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What 'Heat' Means To A Vermont Pig Farmer

What 'Heat' Means To A Vermont Pig Farmer

 By Anna Van Dine 

Vermont Public reporters are exploring the many meanings of the word "heat." As part of this series, reporter Anna Van Dine visited a farm in Panton, and spoke with Alessandra Rellini. Here's Alessandra in her own words:

My name is Alessandra Rellini. And I kind of have two hats. I am the owner of a farm — Agricola Farm in Panton. And I'm also a professor in psychology, and my specialty is the way that sexual responses exhibit themselves.

Right now at our farm, we have a flock of 90 Icelandic sheep, we have 180 pigs, a couple hundred chickens and a couple dozen ducks.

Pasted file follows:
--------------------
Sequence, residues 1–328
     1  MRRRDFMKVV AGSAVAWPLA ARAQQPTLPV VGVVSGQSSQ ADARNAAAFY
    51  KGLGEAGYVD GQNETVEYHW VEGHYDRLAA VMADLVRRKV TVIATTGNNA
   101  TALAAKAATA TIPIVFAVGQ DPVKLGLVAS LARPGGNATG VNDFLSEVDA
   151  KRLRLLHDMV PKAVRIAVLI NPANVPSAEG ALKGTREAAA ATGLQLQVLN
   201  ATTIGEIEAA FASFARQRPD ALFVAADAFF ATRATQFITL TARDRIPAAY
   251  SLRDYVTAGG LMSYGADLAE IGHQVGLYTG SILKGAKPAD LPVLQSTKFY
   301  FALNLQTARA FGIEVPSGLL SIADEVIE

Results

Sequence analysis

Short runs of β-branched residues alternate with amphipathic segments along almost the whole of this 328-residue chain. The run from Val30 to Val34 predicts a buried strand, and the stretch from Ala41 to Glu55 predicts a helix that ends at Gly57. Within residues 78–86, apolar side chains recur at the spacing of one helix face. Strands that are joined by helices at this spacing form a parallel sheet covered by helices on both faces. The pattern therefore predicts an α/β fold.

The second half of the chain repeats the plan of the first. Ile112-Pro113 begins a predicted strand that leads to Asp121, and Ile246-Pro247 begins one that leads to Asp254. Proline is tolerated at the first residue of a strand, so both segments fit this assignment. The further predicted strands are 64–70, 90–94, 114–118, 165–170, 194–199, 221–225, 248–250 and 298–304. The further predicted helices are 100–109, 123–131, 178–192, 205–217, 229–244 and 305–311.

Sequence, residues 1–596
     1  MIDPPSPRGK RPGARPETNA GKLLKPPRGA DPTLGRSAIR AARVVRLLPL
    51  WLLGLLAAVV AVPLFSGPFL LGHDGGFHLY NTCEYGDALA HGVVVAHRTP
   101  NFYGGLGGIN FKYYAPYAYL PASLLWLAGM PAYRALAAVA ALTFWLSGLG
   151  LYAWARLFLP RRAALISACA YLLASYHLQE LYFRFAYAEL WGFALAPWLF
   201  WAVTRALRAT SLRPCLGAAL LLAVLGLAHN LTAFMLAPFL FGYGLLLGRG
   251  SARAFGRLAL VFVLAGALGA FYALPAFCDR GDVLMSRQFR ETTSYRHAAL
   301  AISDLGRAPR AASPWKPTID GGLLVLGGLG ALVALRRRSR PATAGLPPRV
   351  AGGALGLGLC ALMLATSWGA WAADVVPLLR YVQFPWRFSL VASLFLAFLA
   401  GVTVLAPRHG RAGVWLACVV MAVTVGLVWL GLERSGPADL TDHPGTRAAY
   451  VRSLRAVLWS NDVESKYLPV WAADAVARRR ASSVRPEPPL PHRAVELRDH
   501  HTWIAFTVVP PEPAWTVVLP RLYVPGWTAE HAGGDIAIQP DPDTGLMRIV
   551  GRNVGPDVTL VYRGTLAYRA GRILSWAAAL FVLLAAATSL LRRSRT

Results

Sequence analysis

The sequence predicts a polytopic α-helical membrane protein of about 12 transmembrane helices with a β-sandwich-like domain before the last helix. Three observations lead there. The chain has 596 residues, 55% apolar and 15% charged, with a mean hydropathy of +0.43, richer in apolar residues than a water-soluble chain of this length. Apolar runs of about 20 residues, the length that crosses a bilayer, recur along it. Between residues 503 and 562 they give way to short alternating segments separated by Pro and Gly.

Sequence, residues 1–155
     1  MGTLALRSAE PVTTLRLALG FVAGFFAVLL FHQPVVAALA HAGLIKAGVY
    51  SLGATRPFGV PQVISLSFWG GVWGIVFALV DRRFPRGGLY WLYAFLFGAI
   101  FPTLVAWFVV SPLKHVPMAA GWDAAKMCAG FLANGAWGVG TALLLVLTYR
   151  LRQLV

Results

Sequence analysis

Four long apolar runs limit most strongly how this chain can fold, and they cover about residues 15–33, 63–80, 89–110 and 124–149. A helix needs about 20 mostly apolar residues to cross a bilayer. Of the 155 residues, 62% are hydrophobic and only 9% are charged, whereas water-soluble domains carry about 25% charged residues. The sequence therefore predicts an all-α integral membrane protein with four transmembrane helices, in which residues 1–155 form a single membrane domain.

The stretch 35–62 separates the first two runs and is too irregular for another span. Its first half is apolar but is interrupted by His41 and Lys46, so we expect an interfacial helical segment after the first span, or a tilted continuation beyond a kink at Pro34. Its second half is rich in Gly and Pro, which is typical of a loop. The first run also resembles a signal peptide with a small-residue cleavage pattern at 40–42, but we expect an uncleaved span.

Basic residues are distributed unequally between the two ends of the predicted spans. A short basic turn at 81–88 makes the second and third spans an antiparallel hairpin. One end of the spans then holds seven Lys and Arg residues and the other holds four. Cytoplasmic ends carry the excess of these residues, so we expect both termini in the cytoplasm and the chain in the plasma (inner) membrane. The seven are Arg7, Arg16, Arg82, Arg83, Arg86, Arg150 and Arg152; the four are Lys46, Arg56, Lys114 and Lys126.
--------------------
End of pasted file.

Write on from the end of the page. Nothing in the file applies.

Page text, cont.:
Heat is a word that's utilized to talk about the cycle when the female of a species become more likely to get pregnant. So, ovulation. For sheep, that happens seasonally. We have Icelandic sheep, so they tend to go in heat around October, November, when the days become shorter and the nights become longer. And for pigs, instead, they are much closer to us — to humans — and their cycle is 21 days. So every 21 days, they go in heat.

There are certain signs that you see that the ovulation might be occurring. The first thing is the vulva becomes really rich and pinkish, it really becomes engorged. And then they tend to assume the standing position. So if you put pressure on the rump, on the back towards their hips, they'll stand still. And the female pig will start mounting anyone around them, like other females, males, humans, just kind of exhibiting the type of behavior that she would like to be happening. And then the other thing that they show is actually there is a change in their smell: their breath starts smelling like maple syrup.

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